KINGSTON, R.I. – May 19, 2009 – A unique electrode developed for non-invasive use by a University of Rhode Island biomedical engineer is showing promising results in helping to interpret brain signals so paralyzed patients may control their environment. It is also being studied as a means of delivering a stimulus to control epileptic seizures.
Unlike the conventional disk-shaped electrode, the bulls-eye electrode is made up of concentric circles that make it look like a small target.
“Imagine an inner tube sitting in a pool of water. The water in the middle of the tube is calm because the ring flattens out the choppy water around it,” explained Walter Besio, URI assistant professor of biomedical engineering. “In a similar way, the concentric circles of the electrode eliminate distractions from other sources and allow us to focus in on exactly the signal we’re most interested in.”
Initially used for a more accurate detection of cardiac signals, Besio began to test its usefulness in detecting brain waves in an effort to help his brother who had become paralyzed in an automobile accident.
“I wanted to see if the electrode could help us figure out what someone was thinking,” he said. “When you think about moving your arm, can we discriminate the signals from the brain to interpret the movement you want to make? It would allow paralyzed individuals to be more independent by letting them use their thoughts to perhaps control a robot or computer or a wheelchair.”
In addition to detecting signals from the brain, Besio believes the electrode can be used in a therapeutic manner to administer an electrical stimulus to a precise location in the brain to control epileptic seizures or treat other neurological disorders. He has been awarded a $397,000 grant from the National Institutes of Health to verify his earlier experiments with rats and develop a computer model of this system.
“Some frequencies can cause seizures, while others are therapeutic, so this research will allow us to assess the frequencies and magnitudes that are most beneficial,” Besio said. “We hope to use the electrode to detect a neurological disorder like a seizure, and then use the electrode to determine exactly where to apply electrotherapy to counteract the seizure.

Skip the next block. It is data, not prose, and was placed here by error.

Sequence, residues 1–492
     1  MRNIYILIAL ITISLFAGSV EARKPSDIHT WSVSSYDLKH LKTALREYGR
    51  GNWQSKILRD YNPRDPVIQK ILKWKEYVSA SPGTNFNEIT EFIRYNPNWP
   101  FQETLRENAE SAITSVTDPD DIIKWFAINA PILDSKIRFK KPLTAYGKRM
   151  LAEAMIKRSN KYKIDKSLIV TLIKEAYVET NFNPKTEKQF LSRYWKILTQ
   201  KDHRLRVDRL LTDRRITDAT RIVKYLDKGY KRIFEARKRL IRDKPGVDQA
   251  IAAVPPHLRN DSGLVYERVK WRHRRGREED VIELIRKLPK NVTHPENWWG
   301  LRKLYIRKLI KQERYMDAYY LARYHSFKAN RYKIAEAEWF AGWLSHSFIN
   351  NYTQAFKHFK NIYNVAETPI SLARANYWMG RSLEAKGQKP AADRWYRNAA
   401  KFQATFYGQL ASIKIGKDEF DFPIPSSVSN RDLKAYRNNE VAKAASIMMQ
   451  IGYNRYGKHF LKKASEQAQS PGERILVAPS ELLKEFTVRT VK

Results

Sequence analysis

“The advantage of performing this non-invasively is that as the seizure focus moves, we can change which electrodes the electrical stimulation is applied to without having to conduct surgery to add more electrodes to the brain,” he added.
According to Besio, if a seizure lasts for an extended period of time it can cause brain damage, so a method of turning off the seizure via electrical stimulation should prevent brain damage and provide what he calls “neuro-protection.” From his research findings, he believes that a stimulus provided through his electrode could be especially beneficial to those suffering from status epilepticus, a life-threatening condition in which the brain is in a state of persistent seizure and which causes 20,000 to 40,000 deaths each year in the United States.
Besio’s NIH grant, along with an additional $15,000 grant from the Rhode Island Foundation, will also be used to determine if the electrical stimulation itself causes any bodily harm, pain or changes in heart rate.
While Besio has already demonstrated that his bulls-eye electrode works for several applications, he can’t quite explain why it works.
“We hope to learn more about that with this study,” he said. “I think it has something to do with the pattern of stimulation it administers, with how it injects current into the body. Neurons in specific areas of the brain are oriented in a certain direction, and by applying the stimulation in a particular way, it activates certain neurons aligned in one orientation. Conventional electrodes simply stimulate everything in their path.”
Biomedical engineering professor Walter Besio (left) works with his students on his epilepsy control system.